Daily News- February 25- 2002- Monday

  • Myanmar whips hosts to top group
  • Portugal gets to know non-Burmans
  • Wei's frozen assets now reach B270m
  • Myanmar doing little to stop forced labour - ILO

  • Myanmar whips hosts to top group

    PETALING JAYA (Feb 24, 2002) - Myanmar topped Group A in grand style when they thrashed hosts Malaysia 7-0 in a AFF Under-17 match at the MPPJ Stadium today.

    Myanmar wasted no time and shot into the lead three minutes into the game when Bo Bo Aung took advantage of some lose defending to score.Bo Aung punished the Malaysian defence for yet another error in the 27th minute.

    Myanmar were on fire while Malaysia were struggling to get their game together. The hosts were unable to put the brakes on the Myanmar forwards. Three minutes from the break, Kyaw Kyaw Soe enhanced Myanmar's position when he chipped over Malaysian keeper, Mohd Anuar Husaini.

    Myanmar were not done after the breather and surged futher ahead just two minutes later. Nyi Nyi Aung turned in a fine cross from Han Win Hung.Just two minutes later, Malaysia succumbed to another goal, this time from Tun Tun Win, who shot from outside the box.Bo Aung completed his sensational hattrick in the 74th minute after slipping past a defender and the Malaysian keeper. Si Thu Maung completed the Malaysian nightmare with a goal three minutes from the end.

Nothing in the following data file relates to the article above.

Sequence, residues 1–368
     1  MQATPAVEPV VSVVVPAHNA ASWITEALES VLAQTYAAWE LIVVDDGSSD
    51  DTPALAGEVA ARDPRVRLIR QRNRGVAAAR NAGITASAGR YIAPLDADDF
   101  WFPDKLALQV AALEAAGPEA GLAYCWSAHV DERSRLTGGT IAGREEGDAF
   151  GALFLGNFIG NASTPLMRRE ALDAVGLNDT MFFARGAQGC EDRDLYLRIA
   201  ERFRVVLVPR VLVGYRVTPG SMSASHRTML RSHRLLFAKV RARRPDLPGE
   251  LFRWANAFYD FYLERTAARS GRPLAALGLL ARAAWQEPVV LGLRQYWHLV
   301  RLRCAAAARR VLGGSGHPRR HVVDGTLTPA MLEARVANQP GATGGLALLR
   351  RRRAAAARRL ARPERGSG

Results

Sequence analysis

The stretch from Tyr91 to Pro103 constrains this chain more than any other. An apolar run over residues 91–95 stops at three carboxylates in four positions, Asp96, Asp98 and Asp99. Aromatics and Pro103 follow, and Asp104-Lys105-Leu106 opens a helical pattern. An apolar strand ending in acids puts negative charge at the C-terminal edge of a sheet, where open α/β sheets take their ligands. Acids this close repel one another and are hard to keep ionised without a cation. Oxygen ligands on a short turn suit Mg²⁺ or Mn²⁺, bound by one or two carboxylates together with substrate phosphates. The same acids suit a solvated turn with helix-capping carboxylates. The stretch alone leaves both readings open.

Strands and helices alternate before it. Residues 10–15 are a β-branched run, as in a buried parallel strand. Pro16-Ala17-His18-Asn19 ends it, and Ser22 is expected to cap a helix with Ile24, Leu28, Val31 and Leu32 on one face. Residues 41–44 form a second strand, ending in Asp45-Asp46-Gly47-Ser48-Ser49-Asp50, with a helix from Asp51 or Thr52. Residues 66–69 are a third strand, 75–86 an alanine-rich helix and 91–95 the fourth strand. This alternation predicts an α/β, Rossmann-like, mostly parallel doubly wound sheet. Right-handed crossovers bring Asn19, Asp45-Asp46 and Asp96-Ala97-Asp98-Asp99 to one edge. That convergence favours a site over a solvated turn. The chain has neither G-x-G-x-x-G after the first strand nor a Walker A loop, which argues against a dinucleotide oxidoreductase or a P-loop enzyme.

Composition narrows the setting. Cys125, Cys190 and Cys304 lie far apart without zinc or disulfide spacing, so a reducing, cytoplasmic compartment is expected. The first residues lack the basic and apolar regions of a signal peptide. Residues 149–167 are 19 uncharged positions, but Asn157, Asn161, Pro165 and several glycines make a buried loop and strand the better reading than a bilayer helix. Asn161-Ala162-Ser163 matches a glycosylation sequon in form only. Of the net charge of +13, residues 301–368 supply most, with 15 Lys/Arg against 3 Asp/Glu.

Malaysian coach and former international, Zainal Abidin Hassan, said: "We played badly but we need to wake up and concentrate on our next match. We also have to motivate the boys," said Zainal. "We are happy with the big margin and we are looking forward to the semifinals," said U Tin Han .

    Asian U-17 Draw

    Draw for the preliminary competition of the Asian Youth U-17 Championship 2002 are now available. The final competition will be hosted by United Arab Emirates. In Group 7 , Myanmar will meet Hong Kong and Singapore.

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    Portugal gets to know non-Burmans

    Shan Herald Agency for News- 24 February 2002- No: 02 - 22:

    Two non-Burman representatives, one Karen and one Shan, are back home after a "get to know each other" trip to Lisbon, the capital of Portugal, according to the latter.The two, Saw Zakis, EC member of Karen National Union and Sai Wansai, General Secretary of Shan Democratic Union, met various dignitaries for general lobbying last Monday, 18 February.